But wait! They’re not done with us yet! This issue also features Dan DiDio’s DC Nation column that proclaims “This column is a clue!” under the 52 banner. I remember the message boards being abuzz about the secret code that, as I recall, I found out some months after this. I’ve never been one to try and figure out stuff like this*, content to let others with more time and inclination to do the legwork. What I don’t recall is if I found out the reveal at the end of the series first or this secret message — I think it was the former. I even went on one of those boards and proclaimed my appreciation for the new paradigm, something I don’t think I repeated.

In case you’re curious, the message was “The secret of fifty-two is that the multiverse still exists.”

The Origin of Firestorm

By Waid, Igle, Champagne, Sinclair, Lanham, Richards, Schaefer, and Siglain

Was fusing with multiple people a new thing with Jason as Firestorm? I only read a few appearances of this version of the character, and I know his series was a favorite of one of my friends, but I’ve yet to read it. I liked this time at DC Comics when the successors to these characters were younger and not another white dude (like Blue Beetle and not like Kyle Green Lantern).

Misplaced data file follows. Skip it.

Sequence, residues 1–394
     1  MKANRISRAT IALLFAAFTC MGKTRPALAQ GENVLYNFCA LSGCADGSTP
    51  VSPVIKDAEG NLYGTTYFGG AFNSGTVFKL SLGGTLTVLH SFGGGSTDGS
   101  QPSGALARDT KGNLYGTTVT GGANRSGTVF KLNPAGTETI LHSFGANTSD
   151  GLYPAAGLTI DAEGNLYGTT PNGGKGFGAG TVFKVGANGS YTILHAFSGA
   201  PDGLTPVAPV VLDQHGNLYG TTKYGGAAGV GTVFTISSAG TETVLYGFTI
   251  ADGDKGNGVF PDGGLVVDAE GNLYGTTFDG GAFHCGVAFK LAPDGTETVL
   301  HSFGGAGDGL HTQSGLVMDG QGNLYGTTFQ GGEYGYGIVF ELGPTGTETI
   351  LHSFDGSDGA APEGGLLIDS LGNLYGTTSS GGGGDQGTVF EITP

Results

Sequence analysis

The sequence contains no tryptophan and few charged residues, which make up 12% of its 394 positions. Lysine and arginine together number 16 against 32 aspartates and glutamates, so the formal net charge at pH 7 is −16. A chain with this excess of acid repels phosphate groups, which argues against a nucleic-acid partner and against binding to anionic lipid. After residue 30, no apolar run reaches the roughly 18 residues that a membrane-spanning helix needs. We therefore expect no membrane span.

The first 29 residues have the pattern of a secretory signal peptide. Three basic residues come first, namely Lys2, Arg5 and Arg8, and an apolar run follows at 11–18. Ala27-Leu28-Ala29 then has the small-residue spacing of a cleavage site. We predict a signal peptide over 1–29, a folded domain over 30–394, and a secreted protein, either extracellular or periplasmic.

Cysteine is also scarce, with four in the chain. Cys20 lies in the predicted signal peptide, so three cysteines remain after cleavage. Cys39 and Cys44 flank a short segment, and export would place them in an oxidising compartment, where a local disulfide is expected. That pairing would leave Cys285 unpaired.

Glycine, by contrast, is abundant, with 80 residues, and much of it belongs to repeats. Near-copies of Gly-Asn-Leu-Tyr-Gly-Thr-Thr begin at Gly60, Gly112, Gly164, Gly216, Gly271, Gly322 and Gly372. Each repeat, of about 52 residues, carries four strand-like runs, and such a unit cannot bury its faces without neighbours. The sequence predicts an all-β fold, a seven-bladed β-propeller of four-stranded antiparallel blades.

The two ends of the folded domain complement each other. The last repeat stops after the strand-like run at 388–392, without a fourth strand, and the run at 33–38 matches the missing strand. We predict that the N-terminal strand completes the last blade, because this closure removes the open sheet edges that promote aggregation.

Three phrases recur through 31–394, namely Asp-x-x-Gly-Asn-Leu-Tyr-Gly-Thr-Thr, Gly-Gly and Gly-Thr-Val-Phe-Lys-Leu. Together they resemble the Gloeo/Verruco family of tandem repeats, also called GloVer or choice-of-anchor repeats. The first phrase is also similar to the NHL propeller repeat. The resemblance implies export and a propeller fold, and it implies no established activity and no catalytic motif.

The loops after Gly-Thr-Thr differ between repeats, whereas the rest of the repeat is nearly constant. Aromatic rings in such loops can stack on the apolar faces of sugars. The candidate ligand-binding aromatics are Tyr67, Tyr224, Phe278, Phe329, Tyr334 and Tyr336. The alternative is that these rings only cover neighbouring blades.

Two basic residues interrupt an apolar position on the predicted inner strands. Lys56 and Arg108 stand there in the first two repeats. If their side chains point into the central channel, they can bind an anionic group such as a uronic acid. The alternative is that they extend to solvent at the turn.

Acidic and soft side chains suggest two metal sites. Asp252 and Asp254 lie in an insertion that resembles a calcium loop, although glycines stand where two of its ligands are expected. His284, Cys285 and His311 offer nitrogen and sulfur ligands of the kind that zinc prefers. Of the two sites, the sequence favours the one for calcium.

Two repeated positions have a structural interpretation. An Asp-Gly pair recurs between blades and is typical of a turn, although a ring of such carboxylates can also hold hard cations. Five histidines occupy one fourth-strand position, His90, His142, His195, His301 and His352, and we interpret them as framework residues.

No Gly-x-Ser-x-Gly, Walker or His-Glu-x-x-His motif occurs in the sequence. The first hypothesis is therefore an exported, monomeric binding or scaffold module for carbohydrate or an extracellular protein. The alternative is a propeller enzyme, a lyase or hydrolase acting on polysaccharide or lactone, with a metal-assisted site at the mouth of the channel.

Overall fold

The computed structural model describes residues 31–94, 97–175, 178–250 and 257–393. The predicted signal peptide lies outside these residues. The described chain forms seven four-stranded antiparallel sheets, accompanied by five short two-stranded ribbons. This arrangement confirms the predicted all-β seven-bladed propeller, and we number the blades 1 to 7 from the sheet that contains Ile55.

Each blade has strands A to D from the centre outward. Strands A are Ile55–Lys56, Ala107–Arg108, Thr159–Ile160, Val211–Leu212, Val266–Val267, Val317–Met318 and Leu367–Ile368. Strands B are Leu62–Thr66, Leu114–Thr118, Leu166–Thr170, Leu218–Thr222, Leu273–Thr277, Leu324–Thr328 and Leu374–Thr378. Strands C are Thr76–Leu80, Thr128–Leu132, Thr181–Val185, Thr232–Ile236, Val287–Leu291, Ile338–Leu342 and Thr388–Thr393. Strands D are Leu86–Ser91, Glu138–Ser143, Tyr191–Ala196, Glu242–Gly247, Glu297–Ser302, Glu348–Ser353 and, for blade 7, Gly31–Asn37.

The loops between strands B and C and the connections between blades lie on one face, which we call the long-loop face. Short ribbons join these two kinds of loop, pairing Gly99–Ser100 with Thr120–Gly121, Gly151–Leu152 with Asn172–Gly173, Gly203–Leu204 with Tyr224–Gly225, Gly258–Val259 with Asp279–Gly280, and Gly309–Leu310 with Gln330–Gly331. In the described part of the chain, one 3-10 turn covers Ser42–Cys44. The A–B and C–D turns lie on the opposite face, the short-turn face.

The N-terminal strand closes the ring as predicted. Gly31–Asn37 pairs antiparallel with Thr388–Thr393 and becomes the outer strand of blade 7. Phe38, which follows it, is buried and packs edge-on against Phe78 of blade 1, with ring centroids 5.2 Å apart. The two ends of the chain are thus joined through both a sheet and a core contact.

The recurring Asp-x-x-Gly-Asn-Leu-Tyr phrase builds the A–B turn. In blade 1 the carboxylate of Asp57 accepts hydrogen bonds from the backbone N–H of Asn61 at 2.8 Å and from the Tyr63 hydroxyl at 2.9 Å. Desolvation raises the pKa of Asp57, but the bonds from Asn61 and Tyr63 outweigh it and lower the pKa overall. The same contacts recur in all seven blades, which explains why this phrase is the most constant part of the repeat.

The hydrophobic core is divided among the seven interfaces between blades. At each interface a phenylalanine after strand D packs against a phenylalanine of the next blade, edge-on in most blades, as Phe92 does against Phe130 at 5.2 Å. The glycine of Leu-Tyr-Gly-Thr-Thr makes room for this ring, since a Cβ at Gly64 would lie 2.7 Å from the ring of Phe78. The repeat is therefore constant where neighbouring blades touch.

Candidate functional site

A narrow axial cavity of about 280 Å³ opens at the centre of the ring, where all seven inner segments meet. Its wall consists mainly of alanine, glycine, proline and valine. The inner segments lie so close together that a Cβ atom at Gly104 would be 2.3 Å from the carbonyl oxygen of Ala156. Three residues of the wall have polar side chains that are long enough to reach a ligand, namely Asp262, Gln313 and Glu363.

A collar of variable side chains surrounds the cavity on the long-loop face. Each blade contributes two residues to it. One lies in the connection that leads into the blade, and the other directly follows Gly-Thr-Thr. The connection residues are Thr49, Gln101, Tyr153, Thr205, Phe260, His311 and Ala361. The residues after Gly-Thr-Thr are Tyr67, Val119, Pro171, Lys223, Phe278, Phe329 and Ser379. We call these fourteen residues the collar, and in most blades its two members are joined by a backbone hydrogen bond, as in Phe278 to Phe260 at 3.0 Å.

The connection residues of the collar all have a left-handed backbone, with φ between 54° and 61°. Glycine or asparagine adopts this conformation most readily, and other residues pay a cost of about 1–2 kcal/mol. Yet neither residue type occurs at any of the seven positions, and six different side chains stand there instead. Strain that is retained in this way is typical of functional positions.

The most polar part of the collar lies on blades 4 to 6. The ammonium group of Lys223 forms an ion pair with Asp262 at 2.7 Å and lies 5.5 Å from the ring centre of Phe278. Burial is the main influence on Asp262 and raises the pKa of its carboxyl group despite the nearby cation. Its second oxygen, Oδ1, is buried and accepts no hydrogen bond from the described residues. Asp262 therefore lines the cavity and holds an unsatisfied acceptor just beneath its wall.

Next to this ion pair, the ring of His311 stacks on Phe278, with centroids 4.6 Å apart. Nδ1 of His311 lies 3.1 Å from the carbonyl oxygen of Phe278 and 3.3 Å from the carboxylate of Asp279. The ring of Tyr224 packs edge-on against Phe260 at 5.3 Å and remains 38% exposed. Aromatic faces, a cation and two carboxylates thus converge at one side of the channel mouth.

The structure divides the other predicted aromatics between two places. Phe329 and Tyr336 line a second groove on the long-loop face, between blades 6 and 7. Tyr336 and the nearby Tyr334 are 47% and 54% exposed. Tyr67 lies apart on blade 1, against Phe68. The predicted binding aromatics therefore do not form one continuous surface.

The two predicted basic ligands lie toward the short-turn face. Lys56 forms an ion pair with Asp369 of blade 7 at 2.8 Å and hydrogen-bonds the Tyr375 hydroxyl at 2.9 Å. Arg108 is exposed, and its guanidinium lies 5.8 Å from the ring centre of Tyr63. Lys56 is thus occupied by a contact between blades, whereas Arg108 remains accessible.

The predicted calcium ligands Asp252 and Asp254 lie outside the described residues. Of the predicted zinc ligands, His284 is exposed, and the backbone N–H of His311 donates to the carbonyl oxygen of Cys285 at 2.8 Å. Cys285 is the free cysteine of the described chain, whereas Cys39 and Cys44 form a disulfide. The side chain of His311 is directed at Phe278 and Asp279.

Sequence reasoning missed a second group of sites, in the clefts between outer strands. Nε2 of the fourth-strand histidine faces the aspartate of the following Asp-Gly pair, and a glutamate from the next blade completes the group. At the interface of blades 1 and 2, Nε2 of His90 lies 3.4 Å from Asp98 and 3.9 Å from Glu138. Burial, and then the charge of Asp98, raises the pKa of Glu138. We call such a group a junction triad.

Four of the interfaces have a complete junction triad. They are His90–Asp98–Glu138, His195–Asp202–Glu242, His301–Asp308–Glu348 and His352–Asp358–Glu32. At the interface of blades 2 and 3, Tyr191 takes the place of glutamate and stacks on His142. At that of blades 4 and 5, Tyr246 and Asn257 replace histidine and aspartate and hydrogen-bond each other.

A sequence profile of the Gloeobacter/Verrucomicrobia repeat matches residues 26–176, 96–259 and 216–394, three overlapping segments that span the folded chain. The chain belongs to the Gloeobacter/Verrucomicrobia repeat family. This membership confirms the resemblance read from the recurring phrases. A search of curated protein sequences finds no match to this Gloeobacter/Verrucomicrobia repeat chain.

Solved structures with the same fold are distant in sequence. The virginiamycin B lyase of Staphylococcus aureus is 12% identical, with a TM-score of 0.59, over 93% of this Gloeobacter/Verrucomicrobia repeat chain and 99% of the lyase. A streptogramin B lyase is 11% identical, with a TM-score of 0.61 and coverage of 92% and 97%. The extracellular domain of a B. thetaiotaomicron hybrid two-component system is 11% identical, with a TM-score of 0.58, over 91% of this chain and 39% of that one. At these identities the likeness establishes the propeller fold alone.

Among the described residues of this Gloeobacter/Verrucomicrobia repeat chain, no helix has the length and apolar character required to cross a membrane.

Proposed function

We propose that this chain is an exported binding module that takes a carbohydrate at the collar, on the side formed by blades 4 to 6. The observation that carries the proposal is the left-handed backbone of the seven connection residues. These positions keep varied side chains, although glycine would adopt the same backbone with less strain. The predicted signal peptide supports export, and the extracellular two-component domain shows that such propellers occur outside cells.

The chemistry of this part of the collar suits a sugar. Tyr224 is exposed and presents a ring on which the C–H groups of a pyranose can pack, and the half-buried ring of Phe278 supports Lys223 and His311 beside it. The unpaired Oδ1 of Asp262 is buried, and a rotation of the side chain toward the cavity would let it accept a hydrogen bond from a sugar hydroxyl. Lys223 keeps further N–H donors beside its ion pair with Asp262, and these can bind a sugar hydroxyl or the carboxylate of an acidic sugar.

52! Week Twenty-Four

By Johns, Morrison, Rucka, Waid, Giffen, Jimenez, Lanning, Baron, Brosseau, Richards, Schaefer, Wacker. Cover by Jones and Sinclair.

52 was a weekly series published by DC Comics starting in May, 2006. Because I had my 52nd birthday in late 2020, I thought it might be interesting (fun?) to examine this series for its 15th anniversary. I plan to post once a week about each issue. To read previous posts, click the link (52!).

Synopsis

“Just Imagine”

Week 24, Day 1

While talking to reporters about his Star City mayoral campaign, Oliver Queen receives a call on his JLA communicator from Firestorm, who asks him to join the new Justice League. Queen turns down the offer and tells Firestorm not to call anyone else.

Week 24, Day 2

At the original Justice League of America’s HQ in Rhode Island, J’onn J’onzz, the Martian Manhunter, talks to himself, addressing his former JLA member, Booster Gold, saying how he has helped eliminate Checkmate in retaliation for its role in Blue Beetle’s murder.

Week 24, Day 3